As a manager, I can usually tell when my employees have a problem with self-doubt because I see them pulling back when they should be pushing forward. They don’t raise their hands when I ask for someone to take the lead. They don’t apply for promotions, even though they might be qualified. They don’t challenge the assumptions or misstatements of others, even when they should. The irony for many managers is that these self-sabotaging employees often possess tremendous potential, apparent to everyone but themselves.
When people doubt themselves, they tend to project that doubt onto others. That perceived lack of confidence leads others to assume that they can’t handle hard assignments or won’t achieve desired results.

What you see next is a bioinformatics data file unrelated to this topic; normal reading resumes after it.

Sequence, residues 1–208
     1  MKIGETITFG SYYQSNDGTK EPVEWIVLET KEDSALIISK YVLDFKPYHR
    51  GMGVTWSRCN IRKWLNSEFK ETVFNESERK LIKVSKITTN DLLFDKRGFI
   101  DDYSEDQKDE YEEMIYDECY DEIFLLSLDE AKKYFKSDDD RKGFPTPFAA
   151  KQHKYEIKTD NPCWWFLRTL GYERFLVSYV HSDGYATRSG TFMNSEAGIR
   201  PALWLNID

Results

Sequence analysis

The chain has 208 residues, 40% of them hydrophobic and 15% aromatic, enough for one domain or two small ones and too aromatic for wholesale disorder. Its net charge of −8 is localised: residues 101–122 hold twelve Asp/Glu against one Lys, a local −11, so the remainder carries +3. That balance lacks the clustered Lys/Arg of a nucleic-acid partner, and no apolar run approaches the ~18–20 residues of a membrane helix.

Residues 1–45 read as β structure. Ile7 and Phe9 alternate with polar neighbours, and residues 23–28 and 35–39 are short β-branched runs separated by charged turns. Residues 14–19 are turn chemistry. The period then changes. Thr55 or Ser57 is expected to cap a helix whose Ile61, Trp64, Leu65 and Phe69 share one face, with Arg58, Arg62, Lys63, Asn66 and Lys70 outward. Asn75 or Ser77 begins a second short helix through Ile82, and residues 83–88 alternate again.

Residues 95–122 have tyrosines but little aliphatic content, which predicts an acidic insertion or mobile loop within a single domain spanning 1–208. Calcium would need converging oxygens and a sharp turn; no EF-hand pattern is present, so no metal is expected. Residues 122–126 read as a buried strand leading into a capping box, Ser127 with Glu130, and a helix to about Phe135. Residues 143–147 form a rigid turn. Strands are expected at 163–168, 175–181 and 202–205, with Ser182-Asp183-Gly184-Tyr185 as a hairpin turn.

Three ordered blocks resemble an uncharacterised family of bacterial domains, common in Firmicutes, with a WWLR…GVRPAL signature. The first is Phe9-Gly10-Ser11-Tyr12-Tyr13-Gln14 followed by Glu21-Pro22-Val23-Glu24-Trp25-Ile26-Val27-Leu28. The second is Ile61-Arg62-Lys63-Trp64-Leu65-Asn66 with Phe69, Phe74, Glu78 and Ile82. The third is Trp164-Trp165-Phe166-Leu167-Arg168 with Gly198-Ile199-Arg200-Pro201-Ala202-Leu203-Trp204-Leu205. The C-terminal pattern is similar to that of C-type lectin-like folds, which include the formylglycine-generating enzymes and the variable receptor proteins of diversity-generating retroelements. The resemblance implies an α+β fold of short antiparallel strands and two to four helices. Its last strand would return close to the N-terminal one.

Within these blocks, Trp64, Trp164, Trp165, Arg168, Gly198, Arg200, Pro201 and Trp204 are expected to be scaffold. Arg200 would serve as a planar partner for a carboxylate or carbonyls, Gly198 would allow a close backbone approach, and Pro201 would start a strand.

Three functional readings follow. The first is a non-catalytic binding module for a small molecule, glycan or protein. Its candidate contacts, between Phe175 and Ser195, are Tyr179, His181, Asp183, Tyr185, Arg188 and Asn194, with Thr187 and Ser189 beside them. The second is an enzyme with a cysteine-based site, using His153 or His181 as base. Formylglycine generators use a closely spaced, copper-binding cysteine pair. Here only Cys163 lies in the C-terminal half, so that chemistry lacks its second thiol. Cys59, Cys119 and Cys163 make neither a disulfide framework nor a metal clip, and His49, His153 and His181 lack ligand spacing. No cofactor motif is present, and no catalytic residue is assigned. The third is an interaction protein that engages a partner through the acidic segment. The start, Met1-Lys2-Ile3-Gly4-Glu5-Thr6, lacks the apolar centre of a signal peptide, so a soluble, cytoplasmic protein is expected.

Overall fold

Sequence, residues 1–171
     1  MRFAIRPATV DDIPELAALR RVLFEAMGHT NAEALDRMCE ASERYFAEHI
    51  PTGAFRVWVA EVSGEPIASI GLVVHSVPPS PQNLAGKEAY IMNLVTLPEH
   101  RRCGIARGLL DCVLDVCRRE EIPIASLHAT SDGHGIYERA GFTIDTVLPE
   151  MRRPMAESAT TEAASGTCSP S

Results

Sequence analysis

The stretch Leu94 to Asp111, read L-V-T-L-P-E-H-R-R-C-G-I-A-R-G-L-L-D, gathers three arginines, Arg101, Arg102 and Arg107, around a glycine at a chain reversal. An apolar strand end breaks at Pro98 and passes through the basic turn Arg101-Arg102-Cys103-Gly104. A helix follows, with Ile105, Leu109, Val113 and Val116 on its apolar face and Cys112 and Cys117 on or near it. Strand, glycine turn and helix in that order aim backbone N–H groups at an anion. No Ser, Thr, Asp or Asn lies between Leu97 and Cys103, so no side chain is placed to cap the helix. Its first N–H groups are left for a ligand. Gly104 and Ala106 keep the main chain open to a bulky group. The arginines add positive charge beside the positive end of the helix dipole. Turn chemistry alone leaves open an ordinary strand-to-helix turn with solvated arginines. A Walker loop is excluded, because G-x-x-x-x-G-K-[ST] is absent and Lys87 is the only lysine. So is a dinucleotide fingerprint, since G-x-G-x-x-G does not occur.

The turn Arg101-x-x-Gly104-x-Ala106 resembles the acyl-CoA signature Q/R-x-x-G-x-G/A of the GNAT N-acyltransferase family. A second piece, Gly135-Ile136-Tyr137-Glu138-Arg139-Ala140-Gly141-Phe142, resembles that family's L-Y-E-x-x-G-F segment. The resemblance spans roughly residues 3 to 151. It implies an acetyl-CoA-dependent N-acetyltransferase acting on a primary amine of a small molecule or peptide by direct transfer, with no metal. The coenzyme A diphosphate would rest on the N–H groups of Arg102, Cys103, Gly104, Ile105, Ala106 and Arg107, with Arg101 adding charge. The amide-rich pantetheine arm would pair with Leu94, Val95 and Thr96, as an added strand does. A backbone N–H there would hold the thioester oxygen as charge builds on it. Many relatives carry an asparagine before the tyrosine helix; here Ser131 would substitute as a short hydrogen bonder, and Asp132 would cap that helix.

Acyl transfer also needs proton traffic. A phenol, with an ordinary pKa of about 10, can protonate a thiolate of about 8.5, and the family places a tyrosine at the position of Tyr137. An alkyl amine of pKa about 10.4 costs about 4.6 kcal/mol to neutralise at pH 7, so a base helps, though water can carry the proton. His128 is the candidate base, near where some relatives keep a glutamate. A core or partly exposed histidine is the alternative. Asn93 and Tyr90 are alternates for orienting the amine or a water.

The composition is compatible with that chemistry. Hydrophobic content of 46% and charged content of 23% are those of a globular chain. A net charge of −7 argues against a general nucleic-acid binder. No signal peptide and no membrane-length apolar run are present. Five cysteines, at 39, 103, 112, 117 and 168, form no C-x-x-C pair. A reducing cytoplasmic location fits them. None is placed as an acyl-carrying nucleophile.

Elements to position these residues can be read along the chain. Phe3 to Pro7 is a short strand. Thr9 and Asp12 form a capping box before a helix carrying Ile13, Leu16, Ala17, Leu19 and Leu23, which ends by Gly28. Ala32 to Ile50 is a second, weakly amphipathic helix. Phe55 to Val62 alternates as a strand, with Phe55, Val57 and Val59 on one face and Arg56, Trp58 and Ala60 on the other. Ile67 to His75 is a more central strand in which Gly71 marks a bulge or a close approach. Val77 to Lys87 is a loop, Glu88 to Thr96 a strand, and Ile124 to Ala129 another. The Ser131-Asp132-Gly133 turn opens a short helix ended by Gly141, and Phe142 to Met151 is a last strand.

Evidence and personal experience suggest that pervasive self-doubt especially plagues women. From workplace choices to parenting decisions, men tend to, if anything, overestimate their competence while women consistently underestimate theirs. Some consider it a “confidence gap” between men and women. Others have talked about “imposter syndrome,” where people routinely assume that they don’t deserve to be where they are, and they fear exposure. One author I recently heard interviewed described the problem in terms of an overactive or unchecked inner critic. The author, Tara Mohr, describes the inner critic as an extreme, repetitive, pessimistic voice of doubt and fear.1